It's difficult to overstate the role Eric Sloane played in how we appreciate American hand tools today. Sloane was a prolific author, artist, and tool collector, who in the 1950s and 1960s published books on colonial and early 19th century technologies. It was a subject few historians and antiquarians were giving attention to at the time. In the lead-up to the 1976 bicentennial, America was hungry to find meaning and purpose in its history, and it discovered it in Sloane's best-selling books — including 1964's groundbreaking "A Museum of Early American Tools."
As always your content is rich and objective. Your review of Sloan bias and inaccuracies were excellent. I just got back from a 5000 mile train trip from west to east I spent time in two tours of Mt Vernon and a historical French building (unreal M&T timber framing) in New Orleans . The tactile experience of running your hand up a smooth original walnut bannister that GW Used to get to his second floor (or the irony of walking through slave quarters of his 500 slaves who likely cut down cedar and pine trees and milled them for the mansion) I Also enjoyed your emotional appreciation of passing tools down generations…..or last weekend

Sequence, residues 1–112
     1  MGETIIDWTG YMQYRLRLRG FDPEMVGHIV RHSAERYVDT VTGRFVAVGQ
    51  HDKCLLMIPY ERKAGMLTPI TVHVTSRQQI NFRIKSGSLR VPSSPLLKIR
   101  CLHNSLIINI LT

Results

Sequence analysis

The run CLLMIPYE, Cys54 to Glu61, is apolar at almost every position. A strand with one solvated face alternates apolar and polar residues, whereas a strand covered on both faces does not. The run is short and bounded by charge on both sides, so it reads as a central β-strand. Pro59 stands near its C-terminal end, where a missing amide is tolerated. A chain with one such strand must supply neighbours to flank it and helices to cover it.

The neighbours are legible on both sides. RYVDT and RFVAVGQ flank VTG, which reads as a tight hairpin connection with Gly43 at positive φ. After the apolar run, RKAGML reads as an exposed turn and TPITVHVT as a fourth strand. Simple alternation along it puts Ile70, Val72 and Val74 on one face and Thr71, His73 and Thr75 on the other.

sharpening 6 Disston saws from a family barn below aerie PA. I recommend an annual reading of Henry Thoreau’s “Walden” to see his view of the farming community of Walden Pond. He saw them as idiots as opposed to Sloan s romantic notions. Thanks for your cerebral epistles!!.
Fantastic article. Nicely done.